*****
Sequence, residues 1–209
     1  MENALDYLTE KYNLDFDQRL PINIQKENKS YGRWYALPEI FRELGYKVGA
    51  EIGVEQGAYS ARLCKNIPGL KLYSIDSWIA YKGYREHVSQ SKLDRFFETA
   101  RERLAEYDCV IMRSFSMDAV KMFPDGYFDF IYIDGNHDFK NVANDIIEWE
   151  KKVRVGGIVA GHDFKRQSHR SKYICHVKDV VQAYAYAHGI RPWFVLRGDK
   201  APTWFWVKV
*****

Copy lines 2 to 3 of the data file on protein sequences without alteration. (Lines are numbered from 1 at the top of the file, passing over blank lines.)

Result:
     1  MENALDYLTE KYNLDFDQRL PINIQKENKS YGRWYALPEI FRELGYKVGA
    51  EIGVEQGAYS ARLCKNIPGL KLYSIDSWIA YKGYREHVSQ SKLDRFFETA